C. Duane Edward King (November 9, 1937 – January 25, 2022)
Duane King, a hearing minister who founded a deaf ministry and started work on the first sign language Bible translated from the original Greek and Hebrew, died at age 84. Top of FormKing had no special skills or training to work with the deaf and he had no personal experience with deaf family members motivating him to see and care about this often-overlooked community. “He was a giant,” said Chad Entinger, a Deaf Christian who succeeded King as director of Deaf Missions in Council Bluffs, Iowa. “Through Duane and his faithfulness to God, millions of Deaf people and their families and friends in more than 100 countries around the world have been impacted with the Gospel of Jesus!” King was born outside of Skidmore, Missouri. He attended Nebraska Christian College with the intention of becoming a pastor. He launched Deaf Missions and planted Christ’s Church for the Deaf in 1970. In 1981, Deaf Missions took on the ambitious project of translating the Bible into American Sign Language. Many other materials for the deaf have been developed through this ministry.
George Patterson (1932 – February 15, 2022)
George Patterson spent 21 years in Central America training pastors to make disciples in a New Testament fashion that rapidly multiplies churches. In Honduras he began by training pastors in a traditional, resident Bible Institute with poor results. With the advice of more experienced missionaries and much trial and error, he later saw churches multiply through the instrumentality of “Theological Education and Evangelism by Extension” (TEEE). This non-formal pastoral training resulted in twenty years in about 100 new churches in northern Honduras, the result of the Biblical discipleship and church reproduction principles Dr. Patterson implemented. This model is now used with similar results in Asia, Africa and Latin America, as well in the United States.
Patterson returned to the States and became a noted missiologist connected with the US Center of World Missions in Pasadena, CA. A speaker on demand, he taught classes and seminars, especially on Church Growth at multiple locations.
David Morris Howard (January 28, 1928 – May 10, 2022)
David Morris Howard was born in Philadelphia; the third of six children, all of whom ended up in Christian ministry as missionaries, pastors, or teachers. Dave attended Wheaton College (Illinois), majoring in Bible and Theology, and graduated with the renowned Class of ’49, where he met his future wife Phyllis Gibson. Dave and Phyllis served in San José, Costa Rica, under the Latin America Mission from 1953 to 1957. After language school, Dave taught at the mission’s Seminario Bíblico Latinoamericano and eventually was named as an Assistant General Director of the mission. In 1958, Dave was asked to direct the mission’s work in northern Colombia where they served until 1967.
Dave and Phyllis moved to Wheaton, Illinois, where Dave served as Missions Director of InterVarsity Christian Fellowship, 1968-78, first in Chicago and then in Madison, Wisconsin, during which time he also directed IVCF’s triennial Urbana Missionary Convention (1973, 1976). Following this, Dave was asked to direct the Lausanne Congress’ Consultation on World Evangelization in Pattaya, Thailand (1978-81). He then served as the General Secretary of the World Evangelical Fellowship in 1982-92, during which time he moved its headquarters to Singapore. After a semi-retirement he kept up a ministry of teaching, preaching, and writing.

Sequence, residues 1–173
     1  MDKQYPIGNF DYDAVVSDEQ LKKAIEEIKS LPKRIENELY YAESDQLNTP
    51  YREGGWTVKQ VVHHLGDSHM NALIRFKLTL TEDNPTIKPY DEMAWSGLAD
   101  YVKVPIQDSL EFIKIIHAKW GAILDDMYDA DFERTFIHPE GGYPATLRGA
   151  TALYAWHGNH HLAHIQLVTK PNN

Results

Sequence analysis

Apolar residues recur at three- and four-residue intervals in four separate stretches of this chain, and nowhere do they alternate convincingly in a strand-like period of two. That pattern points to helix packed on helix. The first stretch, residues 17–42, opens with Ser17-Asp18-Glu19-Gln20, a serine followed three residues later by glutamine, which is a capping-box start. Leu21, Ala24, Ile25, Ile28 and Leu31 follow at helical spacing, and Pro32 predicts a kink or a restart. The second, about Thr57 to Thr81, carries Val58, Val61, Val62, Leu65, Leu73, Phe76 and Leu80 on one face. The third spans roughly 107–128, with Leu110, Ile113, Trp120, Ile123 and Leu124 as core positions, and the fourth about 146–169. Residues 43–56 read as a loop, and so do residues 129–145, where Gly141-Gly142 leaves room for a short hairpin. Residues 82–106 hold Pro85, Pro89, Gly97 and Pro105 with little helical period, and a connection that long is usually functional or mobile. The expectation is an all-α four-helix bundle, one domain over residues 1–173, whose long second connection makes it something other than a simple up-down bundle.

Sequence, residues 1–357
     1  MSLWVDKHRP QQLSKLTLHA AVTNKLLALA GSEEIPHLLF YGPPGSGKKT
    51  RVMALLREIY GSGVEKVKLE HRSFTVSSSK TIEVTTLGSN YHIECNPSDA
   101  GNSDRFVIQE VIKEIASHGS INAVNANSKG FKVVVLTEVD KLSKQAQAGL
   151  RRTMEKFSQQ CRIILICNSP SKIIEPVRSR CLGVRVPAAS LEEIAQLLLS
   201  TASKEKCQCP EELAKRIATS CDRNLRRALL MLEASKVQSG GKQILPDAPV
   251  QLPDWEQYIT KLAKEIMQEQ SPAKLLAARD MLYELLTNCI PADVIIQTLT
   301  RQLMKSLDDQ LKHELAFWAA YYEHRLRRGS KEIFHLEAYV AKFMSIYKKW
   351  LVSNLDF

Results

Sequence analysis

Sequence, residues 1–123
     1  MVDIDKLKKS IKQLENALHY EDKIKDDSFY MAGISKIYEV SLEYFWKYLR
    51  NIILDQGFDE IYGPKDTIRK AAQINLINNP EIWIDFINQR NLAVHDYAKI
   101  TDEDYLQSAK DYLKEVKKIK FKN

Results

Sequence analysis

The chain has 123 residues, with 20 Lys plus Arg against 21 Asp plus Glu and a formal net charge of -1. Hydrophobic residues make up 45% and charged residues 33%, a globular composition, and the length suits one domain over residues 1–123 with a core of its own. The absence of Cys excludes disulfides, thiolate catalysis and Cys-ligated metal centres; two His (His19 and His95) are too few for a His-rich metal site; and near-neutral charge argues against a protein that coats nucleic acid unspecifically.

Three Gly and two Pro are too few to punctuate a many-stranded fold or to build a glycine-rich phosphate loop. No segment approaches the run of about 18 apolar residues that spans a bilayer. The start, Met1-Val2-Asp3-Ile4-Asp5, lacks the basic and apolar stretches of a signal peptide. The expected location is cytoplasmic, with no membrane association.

Dr. K. Rajendran (Died May 22, 2022)
Indian mission leader Dr. K. Rajendran served more than 15 years in leadership with the Mission Commission of the World Evangelical Alliance. Many of those years he served as Chair of the Global Leadership Council. Dr. K. (as he was known), also served in leadership with Operation Mobilization for 27 years, and the India Missions Association for 12 years. Many of us in North America knew him from his leadership in these organizations. In 2017, Dr. K. founded the GIVA Global Movement, which is a network of entrepreneurs, writers, and Christian professionals. He is remembered as a visionary leader who dedicated his life to serving the global mission.
Andrew Van der Bijl (1928 – September 28, 2022)
Van der Bijl, the founder of Open Doors, and known around the world as “Brother Andrew,” died on September 28 at the age of 94. Known also as “God’s Smuggler,” Brother Andrew ministered to countless persecuted Christians and world leaders through his life. Born in 1928, Brother Andrew grew up in the Netherlands. After enduring German occupation during World War II, he went to Poland with a suitcase full of Christian material. There, he discovered that churches behind the Iron Curtain were isolated, sparking his passion to serve them and ultimately leading him to form the ministry that became Open Doors.
Van der Bijl became famous as “God’s Smuggler” when the first-person account of his missionary adventures—slipping past border guards with Bibles hidden in his blue Volkswagen Beetle—was published in 1967. God’s Smuggler was written and published under his code name “Brother Andrew.” It sold more than 10 million copies and was translated into 35 languages. The book inspired numerous other missionary smugglers, provided funding to van der Bijl’s ministry Open Doors, and drew evangelical attention to the plight of believers in countries where Christian belief and practice were illegal.